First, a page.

How to Choose the Right Partner for Life and Financial Success

Money Girl recommends 5 important traits to look for when choosing a life partner (plus many to avoid), so you have a happy relationship and a successful financial life together.

Laura Adams, MBA
8-minute read
Episode #402

I met my husband in college and we got married right out of school. I feel very lucky that our relationship has remained super strong, even though we got married so young. I’m certain that I could never have achieved a fraction of my career or financial success if our relationship hadn’t turned out so well.

Not only can a bad relationship prevent you from making good decisions and reaching important financial goals, getting divorced can be a huge financial setback. Splitting up can leave you with a financial mess that’s extremely stressful and could take years to recover from.

I hear from divorced men and women all the time about financial struggles that resulted from their splits. So, my goal for this episode is to get you thinking about how to pick the right partner to begin with or how to turn around an existing relationship that isn't going as well as it should. 

In the beginning of a relationship, you generally have romantic chemistry with someone because of his or her physical traits or perhaps how they interact with you. It’s important to separate those who are fun to date from those you’d want to marry or settle down with for good.

So, what I'm recommending is that you don't get serious with someone unless they have a basic set of character traits that will also be good for your financial life together.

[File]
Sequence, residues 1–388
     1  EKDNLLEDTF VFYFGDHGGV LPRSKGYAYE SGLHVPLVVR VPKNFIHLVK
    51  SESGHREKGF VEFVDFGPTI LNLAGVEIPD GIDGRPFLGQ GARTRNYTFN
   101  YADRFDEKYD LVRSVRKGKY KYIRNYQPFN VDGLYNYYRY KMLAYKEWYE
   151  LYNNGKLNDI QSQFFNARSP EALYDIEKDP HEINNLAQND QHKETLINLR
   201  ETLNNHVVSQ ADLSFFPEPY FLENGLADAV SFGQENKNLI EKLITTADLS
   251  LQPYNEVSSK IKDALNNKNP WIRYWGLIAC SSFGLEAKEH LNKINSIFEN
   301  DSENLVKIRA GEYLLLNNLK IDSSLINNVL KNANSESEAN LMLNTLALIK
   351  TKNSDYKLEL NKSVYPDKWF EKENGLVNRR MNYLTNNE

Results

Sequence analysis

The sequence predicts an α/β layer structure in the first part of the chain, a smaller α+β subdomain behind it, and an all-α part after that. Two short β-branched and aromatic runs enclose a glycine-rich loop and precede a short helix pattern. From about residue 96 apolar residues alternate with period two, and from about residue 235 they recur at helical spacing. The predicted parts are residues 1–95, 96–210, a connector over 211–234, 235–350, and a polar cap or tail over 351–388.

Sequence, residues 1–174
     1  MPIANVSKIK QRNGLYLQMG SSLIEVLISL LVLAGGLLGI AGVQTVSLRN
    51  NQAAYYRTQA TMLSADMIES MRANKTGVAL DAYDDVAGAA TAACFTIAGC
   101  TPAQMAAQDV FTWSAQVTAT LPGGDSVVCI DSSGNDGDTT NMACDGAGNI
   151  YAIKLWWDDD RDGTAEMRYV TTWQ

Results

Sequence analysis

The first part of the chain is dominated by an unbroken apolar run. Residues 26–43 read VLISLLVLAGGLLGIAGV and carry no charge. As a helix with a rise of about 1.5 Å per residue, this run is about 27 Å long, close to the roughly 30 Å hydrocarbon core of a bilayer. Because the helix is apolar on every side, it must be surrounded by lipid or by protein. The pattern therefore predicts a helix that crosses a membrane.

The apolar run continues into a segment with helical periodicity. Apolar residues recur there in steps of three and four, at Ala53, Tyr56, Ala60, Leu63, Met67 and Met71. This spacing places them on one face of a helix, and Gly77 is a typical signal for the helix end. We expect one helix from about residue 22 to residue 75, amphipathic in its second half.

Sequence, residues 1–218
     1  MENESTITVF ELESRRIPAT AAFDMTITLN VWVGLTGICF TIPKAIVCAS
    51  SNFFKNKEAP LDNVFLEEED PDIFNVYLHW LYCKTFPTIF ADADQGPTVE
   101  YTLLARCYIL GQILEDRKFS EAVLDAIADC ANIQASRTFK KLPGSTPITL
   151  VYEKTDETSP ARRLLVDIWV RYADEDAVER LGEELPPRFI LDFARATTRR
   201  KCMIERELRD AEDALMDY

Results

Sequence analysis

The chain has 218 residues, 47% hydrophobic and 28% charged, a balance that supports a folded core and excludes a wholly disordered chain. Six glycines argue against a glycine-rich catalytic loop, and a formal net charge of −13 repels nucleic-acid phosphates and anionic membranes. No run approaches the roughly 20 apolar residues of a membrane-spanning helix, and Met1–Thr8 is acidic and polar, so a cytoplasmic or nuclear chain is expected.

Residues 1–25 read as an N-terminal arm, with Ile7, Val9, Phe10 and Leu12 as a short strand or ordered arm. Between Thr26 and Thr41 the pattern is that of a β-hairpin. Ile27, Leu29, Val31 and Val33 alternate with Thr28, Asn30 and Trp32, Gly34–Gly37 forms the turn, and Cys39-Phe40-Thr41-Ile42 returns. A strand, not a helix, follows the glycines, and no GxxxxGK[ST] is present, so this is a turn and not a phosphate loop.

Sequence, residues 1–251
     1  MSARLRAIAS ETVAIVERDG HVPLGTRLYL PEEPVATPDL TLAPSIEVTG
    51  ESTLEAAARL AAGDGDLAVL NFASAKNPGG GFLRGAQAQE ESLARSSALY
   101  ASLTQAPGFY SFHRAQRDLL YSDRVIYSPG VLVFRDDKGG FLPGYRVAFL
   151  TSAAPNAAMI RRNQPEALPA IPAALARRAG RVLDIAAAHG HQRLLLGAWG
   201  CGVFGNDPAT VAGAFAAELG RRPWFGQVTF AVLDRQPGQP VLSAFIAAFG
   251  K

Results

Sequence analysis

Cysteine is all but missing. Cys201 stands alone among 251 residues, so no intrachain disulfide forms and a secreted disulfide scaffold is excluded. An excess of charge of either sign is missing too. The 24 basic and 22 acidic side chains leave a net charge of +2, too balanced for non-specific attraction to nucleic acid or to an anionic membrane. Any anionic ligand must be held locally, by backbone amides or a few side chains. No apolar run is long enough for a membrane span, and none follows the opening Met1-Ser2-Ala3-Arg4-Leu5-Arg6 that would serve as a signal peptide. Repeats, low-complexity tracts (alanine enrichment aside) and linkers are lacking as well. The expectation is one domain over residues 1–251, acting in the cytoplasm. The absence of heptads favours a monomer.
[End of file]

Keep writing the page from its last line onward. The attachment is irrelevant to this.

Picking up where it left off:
Here are 5 important traits to look for in a potential life partner:

Trait #1: High Self-Esteem

Having self-esteem means that you take pride and value yourself without being arrogant. You don’t let other people mistreat you or take you for granted.

People with high self-esteem might be described as confident, self-aware, and cooperative. But they can also say “no” when it’s appropriate.

Someone with high self-esteem typically has a good sense of his or her strengths and weaknesses. They accept their mistakes and try to learn from them so that they never happen again.

On the other hand, having low self-esteem means you feel unworthy and incompetent. You may depend too heavily on other people to make decisions for you, have a fear of taking risks, or tend to blame others for your mistakes.

Having a life partner with high self-esteem could translate into him or her being motivated to move up in their career quickly and seek more lucrative job opportunities.

They may also have the confidence to negotiate for a higher salary or seek out help with your personal finances when you need it.


About the Author

Laura Adams, MBA

Laura Adams received an MBA from the University of Florida. She's an award-winning personal finance author, speaker, and consumer advocate who is a frequent, trusted source for the national media. Money-Smart Solopreneur: A Personal Finance System for Freelancers, Entrepreneurs, and Side-Hustlers is her newest title. Laura's previous book, Debt-Free Blueprint: How to Get Out of Debt and Build a Financial Life You Love, was an Amazon #1 New Release. Do you have a money question? Call the Money Girl listener line at 302-364-0308. Your question could be featured on the show.